March 26, 2024

Working on work: How making sense of life’s messiness can lead to happiness at work and home

Purdue management professor studies stress management, interpersonal relationships and work-life balance 

WEST LAFAYETTE, Ind. — This spring marks four years since the COVID-19 pandemic created unprecedented shifts in the everyday work lives of millions of Americans. With those seismic changes, new attitudes and practices have emerged, challenging long-held beliefs of how people should think about their time on, and off, the clock. 

For Allison Gabriel, who has spent years studying emotions, recovery, motivation, stressors, interpersonal relationships and a bevy of other experiences in the workplace, that conversation is overdue.

“I felt like we were screaming into the abyss for a long time about why we should care about how people feel at work and why well-being is so important,” said Gabriel, the Thomas J. Howatt Chair in Management in the organizational behavior and human resources area of the Mitchell E. Daniels, Jr. School of Business at Purdue University and faculty director of Purdue’s new Center for Working Well. “Now organizations want to, and leaders understand they have to, talk about well-being if they want to stay competitive.”

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Gabriel’s area of expertise is especially relevant in today’s workplace climate, where employees who feel empowered at their jobs are far more engaged in their work. Her research focuses on work-related stress, interactions with co-workers, how employees detach from work and how those same workers — especially new mothers — transition back to their professional roles after major changes in their personal lives.

Many returning mothers experience postpartum depression, which was the focus of a paper Gabriel recently co-authored in the Journal of Applied Psychology. Gabriel and researchers from several other universities found that support from employers in the form of paid maternity leave, as well as mental health policies and flexible work schedules aimed at benefiting pregnant women and new mothers, were critical. The study also showed that organizations that prioritized mothers’ issues helped attract and retain women in their workforce. 

“I think there’s this assumption that you have a baby, you go on maternity leave — for however many weeks you’re fortunate enough to get — and then you come back and you’re the same person,” Gabriel said, “But you’re not the same. Mothers are so fundamentally changed in every capacity, so we need to help organizations understand and build more support and infrastructure around this issue because it affects everybody.”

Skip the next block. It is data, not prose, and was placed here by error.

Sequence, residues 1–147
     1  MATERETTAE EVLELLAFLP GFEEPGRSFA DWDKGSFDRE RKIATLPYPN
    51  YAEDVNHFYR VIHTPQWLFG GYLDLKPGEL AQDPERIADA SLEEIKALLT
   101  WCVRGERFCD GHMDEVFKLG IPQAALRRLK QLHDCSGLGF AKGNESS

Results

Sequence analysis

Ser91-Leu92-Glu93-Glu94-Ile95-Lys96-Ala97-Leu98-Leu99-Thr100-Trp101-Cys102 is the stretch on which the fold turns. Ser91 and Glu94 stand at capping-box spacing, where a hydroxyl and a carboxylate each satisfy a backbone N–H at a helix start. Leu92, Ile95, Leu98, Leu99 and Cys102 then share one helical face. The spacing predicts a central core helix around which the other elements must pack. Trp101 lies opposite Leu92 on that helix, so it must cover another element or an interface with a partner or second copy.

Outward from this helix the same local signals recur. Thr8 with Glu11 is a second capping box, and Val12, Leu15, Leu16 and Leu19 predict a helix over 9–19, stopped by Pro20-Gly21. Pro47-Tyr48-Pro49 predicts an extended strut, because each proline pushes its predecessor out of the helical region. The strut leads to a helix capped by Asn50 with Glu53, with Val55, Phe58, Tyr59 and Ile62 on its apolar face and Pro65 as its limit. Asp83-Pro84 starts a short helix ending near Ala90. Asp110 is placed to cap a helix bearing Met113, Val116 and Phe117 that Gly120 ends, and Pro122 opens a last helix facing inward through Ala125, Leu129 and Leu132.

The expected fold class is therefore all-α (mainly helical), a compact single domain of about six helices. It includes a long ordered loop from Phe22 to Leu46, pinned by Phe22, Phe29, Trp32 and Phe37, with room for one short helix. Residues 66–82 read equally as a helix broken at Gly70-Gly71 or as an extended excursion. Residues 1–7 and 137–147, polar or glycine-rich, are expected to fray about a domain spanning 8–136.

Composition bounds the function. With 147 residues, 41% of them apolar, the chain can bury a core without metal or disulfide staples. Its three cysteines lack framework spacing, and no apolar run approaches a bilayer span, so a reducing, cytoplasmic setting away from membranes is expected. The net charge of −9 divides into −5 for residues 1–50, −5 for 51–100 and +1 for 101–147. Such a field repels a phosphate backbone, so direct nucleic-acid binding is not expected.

In addition to workers, Gabriel has also studied leaders and how they handle themselves on the job. Leaders are in control of workplace culture and supporting their own well-being and the well-being of those that they lead, which Gabriel argues is an essential responsibility. When leaders don’t detach, the stress from their own job can trickle down to their employees. Constantly thinking about work hurt more than it helped performance as a leader, according to the results of another study co-authored by Gabriel and published in the Journal of Applied Psychology.

“I call leaders ‘recovery beacons’ because the signals they send about what they value when it comes to their own well-being signals to the people they lead about what they themselves can value,” Gabriel said.

Uncovering these findings can be a laborious process. Largely using experience sampling methods to capture glimpses into employees’ daily life and more recently qualitative interviews, the findings often capture the complex, challenging ways that employees experience life at work and home. Gabriel admits that the data can be “messy,” and the results can often be challenging to wade through, but a passion for enacting positive change drives her to find solutions.

“I want to start these conversations so people feel more empowered to tell co-workers, supervisors or leaders what’s happening in their lives,” Gabriel said. “People are messy, and I find that really beautiful and exciting.”

She added, “What I get to think about every day is, how do we help them make sense of the messiness in a way that makes them feel better at work and at home to lead happier lives?”

About Purdue University

Purdue University is a public research institution demonstrating excellence at scale. Ranked among top 10 public universities and with two colleges in the top four in the United States, Purdue discovers and disseminates knowledge with a quality and at a scale second to none. More than 105,000 students study at Purdue across modalities and locations, including nearly 50,000 in person on the West Lafayette campus. Committed to affordability and accessibility, Purdue’s main campus has frozen tuition 13 years in a row. See how Purdue never stops in the persistent pursuit of the next giant leap — including its first comprehensive urban campus in Indianapolis, the new Mitchell E. Daniels, Jr. School of Business, and Purdue Computes — at

Writer/Media contact: Derek Schultz,

Source: Allison Gabriel

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